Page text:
✓Remember the motto “If it’s too good to be true, it probably is.” Apply this idea to what people say, any offers they make, or things they try to sell you.

✓Never allow your child to meet face-to-face with someone they meet online without your permission, knowledge, and attendance.

✓Keep the computer in the family or living room so that the computer becomes a family activity. Since the computer is in a communal living space, children will feel less comfortable downloading or viewing inappropriate material.

✓Teach your children to never enter information into a website unless they see the little lock symbol on the bottom right corner of their screen. That symbol means the transaction is encrypted, and can’t be intercepted.

✓If you do decide to enter information into a website, make sure you uncheck any options at the bottom asking to send you information from various vendors. This will reduce the number of sites that know your contact information.

✓Websites that require email addresses or other personal information usually have a privacy policy. Always read the privacy policy. If there isn’t one, don’t submit the information.

✓Meet your child’s online friends and get to know them as well as you know their real friends.

✓Ask your child to give you a tour of what sites they like to visit and how to use them. If the sites require a user name and password, learn them.

Most of these suggestions work well with video games and cell phones too. If your child’s cell phone is part of your family plan, check to see if free text messaging is part of the package, or if your child’s phone has web capabilities. All of these features usually require an extra charge so you can check on your bill to see if they are available or have been used.

Video games are rated now, just like movies. The ESRB (Entertainment Software Rating Board) has a ratings system available right on the box so you can determine how mature the game is before you buy it.

If you suspect that your child may be experiencing some online trouble, here are a few suggestions on how to determine if there is a problem, and what to do if there is.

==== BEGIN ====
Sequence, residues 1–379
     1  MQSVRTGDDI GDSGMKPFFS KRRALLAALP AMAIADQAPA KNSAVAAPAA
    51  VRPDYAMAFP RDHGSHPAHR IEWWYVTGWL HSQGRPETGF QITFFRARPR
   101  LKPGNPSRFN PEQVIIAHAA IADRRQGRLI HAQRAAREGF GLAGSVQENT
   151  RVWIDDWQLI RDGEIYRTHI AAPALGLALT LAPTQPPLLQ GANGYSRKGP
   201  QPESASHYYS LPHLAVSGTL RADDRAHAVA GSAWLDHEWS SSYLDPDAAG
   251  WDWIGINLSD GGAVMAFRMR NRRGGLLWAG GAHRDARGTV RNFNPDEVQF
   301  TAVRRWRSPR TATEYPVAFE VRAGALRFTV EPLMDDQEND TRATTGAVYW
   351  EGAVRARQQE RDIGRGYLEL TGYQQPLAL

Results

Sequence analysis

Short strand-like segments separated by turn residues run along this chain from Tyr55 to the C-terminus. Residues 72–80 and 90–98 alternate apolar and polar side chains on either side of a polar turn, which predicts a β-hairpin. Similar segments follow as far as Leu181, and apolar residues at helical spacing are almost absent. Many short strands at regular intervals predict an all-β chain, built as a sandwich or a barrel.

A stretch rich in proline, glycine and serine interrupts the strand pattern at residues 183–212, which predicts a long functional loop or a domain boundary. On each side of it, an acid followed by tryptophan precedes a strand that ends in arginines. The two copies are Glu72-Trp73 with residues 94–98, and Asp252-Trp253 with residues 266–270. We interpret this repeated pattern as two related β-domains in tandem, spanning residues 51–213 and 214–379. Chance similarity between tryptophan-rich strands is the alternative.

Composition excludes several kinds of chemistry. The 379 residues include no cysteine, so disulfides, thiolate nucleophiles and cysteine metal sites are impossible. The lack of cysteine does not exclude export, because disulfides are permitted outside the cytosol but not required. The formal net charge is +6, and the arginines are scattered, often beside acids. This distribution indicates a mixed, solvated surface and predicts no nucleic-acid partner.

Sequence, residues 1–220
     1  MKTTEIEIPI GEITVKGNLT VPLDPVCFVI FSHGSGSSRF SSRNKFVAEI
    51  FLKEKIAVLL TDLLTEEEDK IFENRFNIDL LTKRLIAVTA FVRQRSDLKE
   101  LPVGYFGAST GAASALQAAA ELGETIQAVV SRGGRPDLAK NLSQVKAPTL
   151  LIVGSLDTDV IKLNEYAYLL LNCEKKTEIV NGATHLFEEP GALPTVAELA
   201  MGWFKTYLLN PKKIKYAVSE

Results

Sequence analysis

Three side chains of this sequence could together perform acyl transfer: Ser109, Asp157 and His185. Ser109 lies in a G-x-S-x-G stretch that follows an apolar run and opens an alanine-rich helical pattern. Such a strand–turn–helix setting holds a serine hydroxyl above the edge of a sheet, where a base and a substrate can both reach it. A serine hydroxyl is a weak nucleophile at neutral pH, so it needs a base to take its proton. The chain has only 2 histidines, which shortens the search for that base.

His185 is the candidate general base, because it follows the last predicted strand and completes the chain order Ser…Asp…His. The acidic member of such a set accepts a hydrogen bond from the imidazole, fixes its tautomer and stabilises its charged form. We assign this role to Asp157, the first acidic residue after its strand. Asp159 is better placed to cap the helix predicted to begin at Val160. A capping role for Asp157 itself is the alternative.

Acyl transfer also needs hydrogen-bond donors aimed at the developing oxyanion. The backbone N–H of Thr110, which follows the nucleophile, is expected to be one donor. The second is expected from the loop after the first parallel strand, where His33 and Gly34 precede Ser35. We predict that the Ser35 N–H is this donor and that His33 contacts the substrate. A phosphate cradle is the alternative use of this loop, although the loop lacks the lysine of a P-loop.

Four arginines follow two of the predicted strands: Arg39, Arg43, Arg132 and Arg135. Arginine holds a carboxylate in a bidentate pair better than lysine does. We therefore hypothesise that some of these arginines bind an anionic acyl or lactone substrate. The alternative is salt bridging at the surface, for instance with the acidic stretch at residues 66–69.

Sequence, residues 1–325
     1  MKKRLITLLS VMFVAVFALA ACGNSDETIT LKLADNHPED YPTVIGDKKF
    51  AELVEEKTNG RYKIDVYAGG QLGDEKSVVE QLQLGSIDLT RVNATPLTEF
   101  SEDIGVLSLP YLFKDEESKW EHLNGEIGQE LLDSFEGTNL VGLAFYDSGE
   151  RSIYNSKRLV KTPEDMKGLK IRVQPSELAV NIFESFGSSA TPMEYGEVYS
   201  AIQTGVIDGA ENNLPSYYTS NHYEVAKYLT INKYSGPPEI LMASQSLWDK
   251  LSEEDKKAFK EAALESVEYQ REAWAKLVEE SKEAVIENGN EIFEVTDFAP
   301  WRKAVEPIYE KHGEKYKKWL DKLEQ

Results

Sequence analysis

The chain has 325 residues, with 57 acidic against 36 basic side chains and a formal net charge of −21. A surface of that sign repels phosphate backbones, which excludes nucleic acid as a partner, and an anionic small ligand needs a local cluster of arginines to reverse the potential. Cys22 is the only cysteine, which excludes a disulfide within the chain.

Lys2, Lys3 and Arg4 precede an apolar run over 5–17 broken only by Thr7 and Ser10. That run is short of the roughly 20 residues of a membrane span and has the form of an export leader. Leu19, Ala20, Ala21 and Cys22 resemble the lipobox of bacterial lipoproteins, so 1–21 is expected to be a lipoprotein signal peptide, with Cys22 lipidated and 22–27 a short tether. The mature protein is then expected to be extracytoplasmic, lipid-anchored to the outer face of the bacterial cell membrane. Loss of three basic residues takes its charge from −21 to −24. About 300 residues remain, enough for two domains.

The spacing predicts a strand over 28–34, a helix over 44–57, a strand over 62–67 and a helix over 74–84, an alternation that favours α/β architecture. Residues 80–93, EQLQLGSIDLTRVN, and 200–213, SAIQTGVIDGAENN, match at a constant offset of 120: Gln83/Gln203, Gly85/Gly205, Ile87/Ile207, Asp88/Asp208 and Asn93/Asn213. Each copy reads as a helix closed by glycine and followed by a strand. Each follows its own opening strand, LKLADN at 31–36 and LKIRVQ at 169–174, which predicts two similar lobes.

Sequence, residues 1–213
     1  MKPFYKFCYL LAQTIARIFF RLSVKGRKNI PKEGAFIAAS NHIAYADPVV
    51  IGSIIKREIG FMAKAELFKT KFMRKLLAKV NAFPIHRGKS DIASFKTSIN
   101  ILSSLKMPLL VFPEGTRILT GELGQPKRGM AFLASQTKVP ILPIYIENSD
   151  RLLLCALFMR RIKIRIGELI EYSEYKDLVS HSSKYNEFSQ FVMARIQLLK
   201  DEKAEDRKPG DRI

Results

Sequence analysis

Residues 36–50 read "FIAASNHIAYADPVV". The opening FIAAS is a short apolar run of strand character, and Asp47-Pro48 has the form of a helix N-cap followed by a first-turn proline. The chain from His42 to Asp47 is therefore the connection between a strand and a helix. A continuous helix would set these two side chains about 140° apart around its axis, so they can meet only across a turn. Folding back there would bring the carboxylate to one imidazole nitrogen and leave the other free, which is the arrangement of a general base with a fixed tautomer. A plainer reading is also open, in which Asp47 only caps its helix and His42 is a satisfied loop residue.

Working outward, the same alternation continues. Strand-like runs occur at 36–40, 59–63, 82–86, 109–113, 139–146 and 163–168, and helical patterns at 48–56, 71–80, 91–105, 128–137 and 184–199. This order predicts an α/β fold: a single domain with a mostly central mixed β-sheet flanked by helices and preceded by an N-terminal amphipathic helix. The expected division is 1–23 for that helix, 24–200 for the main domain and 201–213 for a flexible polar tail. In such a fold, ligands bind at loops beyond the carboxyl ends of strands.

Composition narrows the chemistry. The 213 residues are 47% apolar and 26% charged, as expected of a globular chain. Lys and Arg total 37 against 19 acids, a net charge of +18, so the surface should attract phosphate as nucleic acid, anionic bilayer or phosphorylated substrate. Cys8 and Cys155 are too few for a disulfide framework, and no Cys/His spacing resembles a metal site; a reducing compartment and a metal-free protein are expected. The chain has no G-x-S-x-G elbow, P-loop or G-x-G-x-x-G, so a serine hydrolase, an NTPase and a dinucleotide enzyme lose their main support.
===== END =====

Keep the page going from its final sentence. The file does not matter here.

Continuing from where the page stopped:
✓Ask. Sometimes the direct approach works best, and your child may appreciate you being up front with them.

✓Clock how often your child is spending time online. If they are spending a lot of time, especially late at night, it may be an indication that there is a problem.

✓Every website that is visited is recorded in a history folder. Learn how to access the history folder and view which sites your child has recently visited. Set administrative controls to make it impossible for your child to empty the history folder before you can check it.

✓Monitor your credit card bills for any unfamiliar charges. Many adult sites require credit card information as proof that the viewer is over 18.

✓Learn about cookies. A cookie is a piece of text that a web server can store on a user’s hard disk. Cookies allow a web site to store information on a user’s machine and later retrieve it. This is another great way to check where your child has visited.

✓Sporadically search your home computer for any pictures, sound files, or movies. This is easily done by searching for any file that ends in .mp3, .mpeg, .bmp, .wav, .mpeg, .gif, or .wma. To do this, simply type “*.mp3” in the search field to look for that type of file.

Above all, remember that no computer, video game console, or cell phone should be used as a babysitter. None of the above is good enough to replace parental supervision. For more information on computer and internet terms visit www.netlingo.com.